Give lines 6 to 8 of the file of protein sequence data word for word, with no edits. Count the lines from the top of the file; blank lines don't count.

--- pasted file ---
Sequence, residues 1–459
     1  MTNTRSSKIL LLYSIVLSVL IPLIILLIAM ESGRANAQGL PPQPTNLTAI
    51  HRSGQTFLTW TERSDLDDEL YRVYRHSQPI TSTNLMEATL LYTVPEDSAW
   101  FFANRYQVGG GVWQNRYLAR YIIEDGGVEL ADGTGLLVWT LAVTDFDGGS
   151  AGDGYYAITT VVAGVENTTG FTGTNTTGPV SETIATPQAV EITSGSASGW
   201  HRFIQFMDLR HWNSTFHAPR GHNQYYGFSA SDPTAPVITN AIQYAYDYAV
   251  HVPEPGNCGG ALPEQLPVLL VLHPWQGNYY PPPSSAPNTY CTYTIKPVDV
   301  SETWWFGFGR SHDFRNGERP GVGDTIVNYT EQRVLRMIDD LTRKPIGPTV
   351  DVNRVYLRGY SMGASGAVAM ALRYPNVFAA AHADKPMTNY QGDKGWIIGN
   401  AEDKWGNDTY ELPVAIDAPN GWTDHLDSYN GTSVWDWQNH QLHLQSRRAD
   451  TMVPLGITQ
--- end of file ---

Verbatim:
   201  HRFIQFMDLR HWNSTFHAPR GHNQYYGFSA SDPTAPVITN AIQYAYDYAV
   251  HVPEPGNCGG ALPEQLPVLL VLHPWQGNYY PPPSSAPNTY CTYTIKPVDV
   301  SETWWFGFGR SHDFRNGERP GVGDTIVNYT EQRVLRMIDD LTRKPIGPTV